There is a high probability of seeing a prolonged effect of the rise in fuel price, triggering an even higher inflationary spell for both consumers and producers, says the author.
Deepanshu Mohan, Associate Professor of Economics and Director, Centre for New Economics Studies (CNES), Jindal School of Liberal Arts and Humanities, O.P. Jindal Global University, Sonipat, Haryana, India.
Fuel prices were increased for the eighth time in the last nine days. Petrol costs around Rs 101.01/litre in Delhi, Rs 115.88/litre in Mumbai, Rs. 106.69/litre in Chennai, and Rs. 110.52/litre in Kolkata. Diesel is priced the highest in Mumbai at Rs. 100.10/litre for now, with other cities increasing prices, too.
It has been known for some time now that prices of petrol and diesel vary across Indian states due to differential taxing, based on the rates of value-added tax (VAT) imposed by states combined with the higher central excise duty calculated on the retail price of fuel, which is levied by the Central government.
So, what’s driving a sustained increase in crude oil prices across the globe along with the fuel price in India?
There are multiple reasons, both external and internal.
How the Ukraine-Russia War Triggered Panic-Buying
The current price hike has been catalysed by the rapidly escalating global economic tensions from the military aggression seen between Russia-Ukraine, adversely impacting global oil supplies (including exports-imports from Russia), while also affecting shipping routes.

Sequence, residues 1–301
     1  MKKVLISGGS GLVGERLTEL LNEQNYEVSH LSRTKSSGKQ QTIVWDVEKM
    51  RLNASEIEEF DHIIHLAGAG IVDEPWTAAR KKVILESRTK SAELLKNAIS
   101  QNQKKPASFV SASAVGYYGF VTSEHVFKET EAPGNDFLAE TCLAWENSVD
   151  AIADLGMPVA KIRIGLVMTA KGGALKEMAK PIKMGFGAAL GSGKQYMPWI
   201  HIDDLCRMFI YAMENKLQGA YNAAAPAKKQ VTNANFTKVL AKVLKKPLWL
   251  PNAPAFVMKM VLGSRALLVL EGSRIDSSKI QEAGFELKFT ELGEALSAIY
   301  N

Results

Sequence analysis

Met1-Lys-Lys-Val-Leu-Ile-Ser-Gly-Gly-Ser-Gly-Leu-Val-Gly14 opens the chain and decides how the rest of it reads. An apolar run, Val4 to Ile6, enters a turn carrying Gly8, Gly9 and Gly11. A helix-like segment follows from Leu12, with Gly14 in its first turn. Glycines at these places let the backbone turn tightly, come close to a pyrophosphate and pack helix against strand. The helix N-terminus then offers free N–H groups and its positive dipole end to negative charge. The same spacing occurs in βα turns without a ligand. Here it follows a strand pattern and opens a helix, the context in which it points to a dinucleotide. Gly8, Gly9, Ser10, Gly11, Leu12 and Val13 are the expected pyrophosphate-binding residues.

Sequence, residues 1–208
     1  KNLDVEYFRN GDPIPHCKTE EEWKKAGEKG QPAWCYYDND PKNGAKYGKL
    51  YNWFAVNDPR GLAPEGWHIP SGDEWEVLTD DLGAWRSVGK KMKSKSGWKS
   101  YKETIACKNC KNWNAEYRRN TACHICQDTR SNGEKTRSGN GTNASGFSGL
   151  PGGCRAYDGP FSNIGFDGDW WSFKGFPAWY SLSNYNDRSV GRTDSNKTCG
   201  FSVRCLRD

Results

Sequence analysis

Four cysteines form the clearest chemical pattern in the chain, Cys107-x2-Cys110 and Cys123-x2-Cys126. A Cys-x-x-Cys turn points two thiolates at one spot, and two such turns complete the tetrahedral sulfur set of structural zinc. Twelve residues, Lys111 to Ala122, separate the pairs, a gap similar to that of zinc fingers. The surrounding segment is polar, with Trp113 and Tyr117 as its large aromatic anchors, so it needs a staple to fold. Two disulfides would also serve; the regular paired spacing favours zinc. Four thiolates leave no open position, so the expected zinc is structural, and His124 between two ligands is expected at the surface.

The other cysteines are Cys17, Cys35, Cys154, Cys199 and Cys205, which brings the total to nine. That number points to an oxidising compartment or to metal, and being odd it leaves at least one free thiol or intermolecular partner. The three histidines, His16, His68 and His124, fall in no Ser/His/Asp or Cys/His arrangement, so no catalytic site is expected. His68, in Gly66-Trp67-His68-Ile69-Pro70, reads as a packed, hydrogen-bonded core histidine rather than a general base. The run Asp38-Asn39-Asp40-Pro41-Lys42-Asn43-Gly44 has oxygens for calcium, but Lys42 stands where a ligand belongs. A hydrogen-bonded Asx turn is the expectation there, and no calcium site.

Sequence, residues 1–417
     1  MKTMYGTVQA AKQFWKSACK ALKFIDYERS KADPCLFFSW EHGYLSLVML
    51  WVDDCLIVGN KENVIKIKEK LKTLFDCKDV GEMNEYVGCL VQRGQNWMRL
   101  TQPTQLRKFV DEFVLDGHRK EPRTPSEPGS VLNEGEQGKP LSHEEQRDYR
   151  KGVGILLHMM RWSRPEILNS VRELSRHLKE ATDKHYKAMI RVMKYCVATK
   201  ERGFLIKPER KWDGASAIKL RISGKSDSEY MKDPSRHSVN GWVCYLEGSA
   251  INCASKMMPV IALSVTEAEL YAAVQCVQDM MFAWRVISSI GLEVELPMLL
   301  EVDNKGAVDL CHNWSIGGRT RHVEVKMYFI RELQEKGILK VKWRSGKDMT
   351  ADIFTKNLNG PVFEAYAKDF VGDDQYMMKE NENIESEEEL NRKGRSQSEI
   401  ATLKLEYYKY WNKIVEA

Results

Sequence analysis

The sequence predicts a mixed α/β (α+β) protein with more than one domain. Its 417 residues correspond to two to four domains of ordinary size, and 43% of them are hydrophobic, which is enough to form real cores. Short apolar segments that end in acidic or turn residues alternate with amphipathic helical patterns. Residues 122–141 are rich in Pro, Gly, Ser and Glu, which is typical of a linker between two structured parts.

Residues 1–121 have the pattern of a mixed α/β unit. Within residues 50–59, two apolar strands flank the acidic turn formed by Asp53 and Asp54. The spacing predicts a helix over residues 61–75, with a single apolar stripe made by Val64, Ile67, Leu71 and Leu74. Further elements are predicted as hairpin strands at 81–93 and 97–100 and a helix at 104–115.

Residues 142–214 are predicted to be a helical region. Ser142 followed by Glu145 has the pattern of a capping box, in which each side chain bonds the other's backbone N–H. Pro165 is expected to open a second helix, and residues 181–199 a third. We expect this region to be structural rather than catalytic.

Adding to this is the direct and indirect impact of sanctions on Russia, which is inhibiting its ability to complete its oil export contracts. See the figure below to understand the volatility seen in crude oil prices over the last few months.
Crude futures traded higher than $106 per barrel this Tuesday after a 7% decline in the previous session as investors were monitoring the situation in Ukraine and assessing the impact of COVID-19 curbs in China on global demand ahead of the OPEC+ meeting next Thursday.
In the context of the Russia-Ukraine conflict, crude oil prices were expected to rise across the world even before the attack happened on Ukraine. This was because the world feared that the war would lead the West to ban Russian oil (which subsequently happened in phases).
Published in: The Quint
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